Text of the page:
In this study, we identified HLA-C allele frequency on two cohorts totalling 766 Saudis, using two different methods; serological and DNA-based typing. The discrepancy between the two methods has been described previously. [12] The discrepancy is due to the low surface expression of the HLA-C antigen and the insufficient anti-sera available and, thus, it would be difficult to evaluate the clinical importance of HLA-C in transplantation and to associate any specific alleles with certain diseases. It is important to emphasize the advantage of using the molecular method for HLA typing compared with serology because it was only by PCR-SSP that we were able to identify all the HLA-C alleles within the samples. We found that HLA-C*7 and C*6 are the most frequent alleles in this Saudi population, which is also similar to the study by Ollier. [10] We also found that only 23% of the serologically typed alleles were blank compared with 50% seen in other populations. [12],[13] This is reflected by the fact that HLA-C*01 to C*07 comprise the majority of the allele frequency by serology and molecular typing methods.

When we analyzed the molecular typing data, we found that HLA-C alleles are not in linkage disequilibrium, a phenomenon that was also noticed by Ollier et al. [9] In their study, Ollier et al suggested that this deviation from HWE was due to the higher than expected C1/C5 genotype, although their results of the other genes were in HWE. The reason behind this phenomenon needs further investigation.

In this study, we noticed the presence of higher than expected homozygous genotypes. Nevertheless, our study concludes highlighting the importance of molecular typing techniques for HLA-C to evaluate its role in transplantation and disease association studies.

 
   References Top

1.Bishara A, Amar A, Brautbar C, Condiotti R, Lazarovitz V, Nagler A. The putative role of HLA-C recognition in graft versus host disease (GVHD) and graft rejection after unrelated bone marrow transplantation (BMT). Exp Hematol 1995;23:1667.  Back to cited text no. 1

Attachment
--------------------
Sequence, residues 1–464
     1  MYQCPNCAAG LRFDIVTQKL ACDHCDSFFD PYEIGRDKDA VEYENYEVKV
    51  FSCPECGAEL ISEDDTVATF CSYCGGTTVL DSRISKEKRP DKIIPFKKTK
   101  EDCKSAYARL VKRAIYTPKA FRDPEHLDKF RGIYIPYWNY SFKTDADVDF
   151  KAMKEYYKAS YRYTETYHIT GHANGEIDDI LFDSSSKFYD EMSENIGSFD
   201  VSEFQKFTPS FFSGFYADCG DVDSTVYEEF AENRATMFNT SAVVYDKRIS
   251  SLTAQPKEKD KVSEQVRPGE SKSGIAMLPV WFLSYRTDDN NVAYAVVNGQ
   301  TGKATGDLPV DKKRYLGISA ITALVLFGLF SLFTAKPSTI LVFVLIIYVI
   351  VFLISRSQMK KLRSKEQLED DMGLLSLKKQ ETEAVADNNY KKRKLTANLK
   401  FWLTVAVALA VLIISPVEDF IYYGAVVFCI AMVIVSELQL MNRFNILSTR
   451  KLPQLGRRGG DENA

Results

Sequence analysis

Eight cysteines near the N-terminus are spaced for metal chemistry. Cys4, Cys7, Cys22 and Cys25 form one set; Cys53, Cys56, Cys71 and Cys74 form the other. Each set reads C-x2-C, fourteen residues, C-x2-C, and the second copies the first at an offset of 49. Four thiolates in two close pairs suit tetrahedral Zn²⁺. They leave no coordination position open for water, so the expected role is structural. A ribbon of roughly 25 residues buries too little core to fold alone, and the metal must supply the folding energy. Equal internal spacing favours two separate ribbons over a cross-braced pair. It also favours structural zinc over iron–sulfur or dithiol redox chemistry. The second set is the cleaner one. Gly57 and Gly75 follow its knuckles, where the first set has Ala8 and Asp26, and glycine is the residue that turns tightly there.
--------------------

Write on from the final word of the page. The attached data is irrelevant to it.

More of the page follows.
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2.Moya-Quiles MR, Muro M, Torio A, et al. Human leukocyte antigen-C in short- and longterm liver graft acceptance. Liver Transpl 2003;9:218.  Back to cited text no. 2
    
3.Frohn C, Fricke L, Puchta JC, Kirchner H. The effect of HLA-C matching on acute renal transplant rejection. Nephrol Dial Transplant 2001;16:355.  Back to cited text no. 3
[PUBMED]  [FULLTEXT]  
4.Hao Q, Saida T, Kawakami H, et al. HLAs and genes in Japanese patients with multiple sclerosis: evidence for increased frequencies of HLA-C3, HLA-DR2, and HLA-DQB1*0602. Hum Immunol 1992;35:116.  Back to cited text no. 4
[PUBMED]  [FULLTEXT]  
5.Purrmann J, Bertrams J, Cleveland S, Gemsa R, Berges W, Strohmeyer G. Association of Crohn's disease with HLA phenotype B44, C5. Z Gastroenterol 1988;26:658.  Back to cited text no. 5
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6.Asahina A, Kuwata S, Tokunaga K, Juji T, Nakagawa H. Study of aspartate at residue 9 of HLA-C molecules in Japanese patients with psoriasis vulgaris. J Dermatol Sci 1996;13: 125.  Back to cited text no. 6
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7.Kuruvilla J, Gupta V, Gill KS, Lipton JH. Association of familial leukemia with HLA C3: is it real? Leuk Lymphoma 2003;44:309.  Back to cited text no. 7
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8.Boyum A. Isolation and removal of lymphocytes from bone marrow of rats and guinea-pigs. Scand J Clin Lab Invest Suppl 1968;97:91.  Back to cited text no. 8
    
9.Excoffier L, Laval G, Schneider S. Arlequin (version 3.0): An integrated software package for population genetics data analysis. Evol Bioinform Online 2005;1:47.  Back to cited text no. 9
    
10.Ollier W, Doyle P, Alonso A, et al. HLA polymorphisms in Saudi Arabs. Tissue Antigens 1985;25:87.  Back to cited text no. 10
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11.Lancaster AK, Single RM, Solberg OD, Nelson MP, Thomson G. PyPop update--a software pipeline for large-scale multilocus population genomics. Tissue Antigens 2007;69 Suppl 1:192.  Back to cited text no. 11
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12.Mytilineos J, Christ U, Lempert M, Opelz G. Comparison of typing results by serology and polymerase chain reaction with sequence-specific primers for HLA-C in 650 individuals. Tissue Antigens 1997;50:395.  Back to cited text no. 12
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13.Bunce M, Barnardo MC, Procter J, Marsh SG, Vilches C, Welsh KI. High resolution HLA-C typing by PCR-SSP: identification of allelic frequencies and linkage disequilibria in 604 unrelated random UK Caucasoids and a comparison with serology. Tissue Antigens 1997; 50:100.  Back to cited text no. 13
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Correspondence Address:
Ali H Hajeer
Department of Pathology and Laboratory Medicine, King Abdulaziz Medical City, Riyadh 11426
Kingdom of Saudi Arabia